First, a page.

My three solutions have the advantage of not infringing on the rights of those who did nothing wrong in the vain hope of restraining those who make a life of doing bad acts. My answers also would show benefits in a variety of areas unrelated to gun violence. They are measured responses to a problem that has been getting better over the last two decades.

Perhaps they lack the quality of breathless bloviating, but I see that as a feature, not a bug.

La Classe È Mobile?

University of California, Davis, Professor Gregory Clark has released a study of social mobility, focusing on class in England, with some reference to other countries, including the United States. He looks in particular at English surnames over a period of the last thousand years. His conclusion is that there is a tendency to regress to the mean, no matter how high or low in social rank a family starts out. That means that the poor tend to float upward over generations to the middle class, while the rich sink into the same.

This should come as no surprise to those of us who read old books. Plato discusses this idea in his dialogues. We’ve also heard the old line about how the first generation builds wealth, the second spends it, and the third returns to mediocrity. It’s interesting to see that the poor tend toward the middle, as well.

The study is detailed, while its conclusions are tentative, but for social policy, we can draw our own:

1. The middle class is not a bad place to be. We’ve told ourselves that being on top is the only prize worth winning, and the truth of that is a matter of debate, but life in the middle can be lived. Population studies tell us that most people are in the middle, anyway, with regard to ability.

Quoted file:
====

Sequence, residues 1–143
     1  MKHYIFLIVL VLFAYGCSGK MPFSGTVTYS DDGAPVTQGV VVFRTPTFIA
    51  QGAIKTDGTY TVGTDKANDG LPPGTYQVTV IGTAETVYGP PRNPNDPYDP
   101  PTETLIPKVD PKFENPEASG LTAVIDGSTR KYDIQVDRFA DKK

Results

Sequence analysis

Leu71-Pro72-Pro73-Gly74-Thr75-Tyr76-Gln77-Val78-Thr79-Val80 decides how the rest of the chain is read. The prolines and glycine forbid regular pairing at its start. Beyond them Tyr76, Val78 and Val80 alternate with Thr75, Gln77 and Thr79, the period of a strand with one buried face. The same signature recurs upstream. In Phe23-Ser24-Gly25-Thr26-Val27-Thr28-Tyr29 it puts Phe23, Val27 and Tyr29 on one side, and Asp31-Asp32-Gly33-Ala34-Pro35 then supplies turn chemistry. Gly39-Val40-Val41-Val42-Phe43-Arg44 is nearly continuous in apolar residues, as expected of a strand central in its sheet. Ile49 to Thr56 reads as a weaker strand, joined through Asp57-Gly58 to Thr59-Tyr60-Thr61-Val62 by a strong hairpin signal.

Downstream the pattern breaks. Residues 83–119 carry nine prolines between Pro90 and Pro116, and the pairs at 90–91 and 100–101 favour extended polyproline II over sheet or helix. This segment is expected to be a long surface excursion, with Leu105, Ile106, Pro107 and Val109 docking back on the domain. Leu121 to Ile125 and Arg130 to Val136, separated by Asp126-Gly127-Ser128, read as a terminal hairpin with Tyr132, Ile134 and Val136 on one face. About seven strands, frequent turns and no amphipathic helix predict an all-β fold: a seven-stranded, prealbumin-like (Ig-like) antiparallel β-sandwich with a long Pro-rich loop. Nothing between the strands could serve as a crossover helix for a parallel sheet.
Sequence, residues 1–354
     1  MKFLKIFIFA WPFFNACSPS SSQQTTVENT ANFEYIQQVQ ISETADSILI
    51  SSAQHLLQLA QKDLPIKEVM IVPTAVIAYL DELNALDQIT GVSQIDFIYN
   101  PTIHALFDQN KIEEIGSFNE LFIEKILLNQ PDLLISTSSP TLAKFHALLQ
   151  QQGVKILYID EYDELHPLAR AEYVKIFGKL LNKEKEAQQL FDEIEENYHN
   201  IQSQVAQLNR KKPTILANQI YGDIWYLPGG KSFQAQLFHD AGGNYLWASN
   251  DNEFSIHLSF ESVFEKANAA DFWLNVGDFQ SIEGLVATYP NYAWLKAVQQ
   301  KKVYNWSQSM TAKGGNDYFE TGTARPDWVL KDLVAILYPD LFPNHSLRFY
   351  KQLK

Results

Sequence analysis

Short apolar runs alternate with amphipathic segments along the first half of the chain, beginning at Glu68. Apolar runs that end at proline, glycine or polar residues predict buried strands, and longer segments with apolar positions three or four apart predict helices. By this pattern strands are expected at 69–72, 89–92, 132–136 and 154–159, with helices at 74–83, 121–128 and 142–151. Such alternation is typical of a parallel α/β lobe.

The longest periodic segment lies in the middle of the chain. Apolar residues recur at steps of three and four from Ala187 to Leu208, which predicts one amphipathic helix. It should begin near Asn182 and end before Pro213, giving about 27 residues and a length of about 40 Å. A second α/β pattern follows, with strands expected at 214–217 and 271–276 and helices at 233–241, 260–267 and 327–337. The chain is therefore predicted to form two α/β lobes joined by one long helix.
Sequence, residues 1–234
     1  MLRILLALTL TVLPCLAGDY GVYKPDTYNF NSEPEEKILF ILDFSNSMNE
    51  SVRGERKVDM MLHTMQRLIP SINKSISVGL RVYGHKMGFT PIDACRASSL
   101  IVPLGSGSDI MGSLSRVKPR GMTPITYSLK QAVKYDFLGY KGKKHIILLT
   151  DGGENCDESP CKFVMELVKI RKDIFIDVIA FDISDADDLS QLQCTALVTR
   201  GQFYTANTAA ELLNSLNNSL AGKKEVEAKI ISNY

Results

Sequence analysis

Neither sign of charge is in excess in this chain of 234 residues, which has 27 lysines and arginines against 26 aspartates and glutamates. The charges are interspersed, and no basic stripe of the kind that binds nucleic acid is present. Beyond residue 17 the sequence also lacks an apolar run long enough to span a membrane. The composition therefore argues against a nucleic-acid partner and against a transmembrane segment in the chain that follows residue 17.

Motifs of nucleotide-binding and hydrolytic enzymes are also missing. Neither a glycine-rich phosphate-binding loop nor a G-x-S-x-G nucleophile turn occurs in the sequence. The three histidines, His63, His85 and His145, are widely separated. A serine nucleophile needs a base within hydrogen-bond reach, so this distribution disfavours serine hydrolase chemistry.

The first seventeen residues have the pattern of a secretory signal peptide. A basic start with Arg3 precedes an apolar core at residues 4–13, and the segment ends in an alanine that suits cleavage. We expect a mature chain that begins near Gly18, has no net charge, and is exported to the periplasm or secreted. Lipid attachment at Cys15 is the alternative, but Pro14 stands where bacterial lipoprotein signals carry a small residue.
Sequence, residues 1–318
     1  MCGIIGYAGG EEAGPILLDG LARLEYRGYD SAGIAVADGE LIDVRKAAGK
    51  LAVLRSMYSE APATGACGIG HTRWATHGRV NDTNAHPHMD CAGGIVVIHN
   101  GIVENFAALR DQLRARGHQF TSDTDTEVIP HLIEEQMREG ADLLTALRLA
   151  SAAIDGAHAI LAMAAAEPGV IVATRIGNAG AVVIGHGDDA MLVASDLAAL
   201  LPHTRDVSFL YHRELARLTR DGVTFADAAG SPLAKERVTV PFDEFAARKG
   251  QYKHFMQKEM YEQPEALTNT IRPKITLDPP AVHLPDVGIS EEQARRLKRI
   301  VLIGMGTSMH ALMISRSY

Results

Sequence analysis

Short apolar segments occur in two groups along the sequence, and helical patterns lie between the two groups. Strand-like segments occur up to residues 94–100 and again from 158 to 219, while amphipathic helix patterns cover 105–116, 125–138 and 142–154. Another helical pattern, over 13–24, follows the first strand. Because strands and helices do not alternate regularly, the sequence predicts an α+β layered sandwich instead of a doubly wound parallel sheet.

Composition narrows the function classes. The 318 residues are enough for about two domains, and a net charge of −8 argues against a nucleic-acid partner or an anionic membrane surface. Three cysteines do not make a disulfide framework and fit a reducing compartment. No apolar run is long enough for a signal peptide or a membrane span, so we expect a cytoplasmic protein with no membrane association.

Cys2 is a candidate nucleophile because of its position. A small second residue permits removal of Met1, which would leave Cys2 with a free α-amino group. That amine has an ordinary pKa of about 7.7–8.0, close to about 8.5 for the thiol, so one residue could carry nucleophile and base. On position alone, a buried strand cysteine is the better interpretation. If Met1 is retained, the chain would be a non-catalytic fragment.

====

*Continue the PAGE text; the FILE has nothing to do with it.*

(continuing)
2. The study suggests that the efforts of the wealthy to provide opportunities to their children often do no good. The implication is that the children aren’t necessarily born with their parents’ abilities. That latter statement would seem to be true about children born to lower than average parents–often they are born with more potential. This suggests that we should give up on forcing every child to be equal in academic performance. There are basic skills and areas of knowledge that every citizen needs, but when it comes to more advanced levels, children will sort themselves out, and schools should let them. Trade schools after high school would be of much greater advantage to many students, and universities could return to academic pursuits. Schools should provide the opportunity for students to rise to their level of ability and be satisfied with that.

3. Another set of social policies supported here is the combination of a safety net and inheritance taxes. The poor need time to rise to the middle, while the rich will benefit little in useful ways from having wealth passed on to them. (In the latter case, it would be simple to make an exception for family farms or small businesses.)

There is one final point to make. We should know this, but the tail ends of the bell curve are tiny in terms of the number of people in them. Social policy for decades has been aimed at creating a Lake Wobegon world in which all children are above average, but that’s unrealistic. Instead, we end up with something more like Kurt Vonnegut’s short story, “Harrison Bergeron,” a world that weighs down people of ability in the name of equality. We should celebrate ability where we find it–and go looking for it everywhere.

My Fellow Americans. . .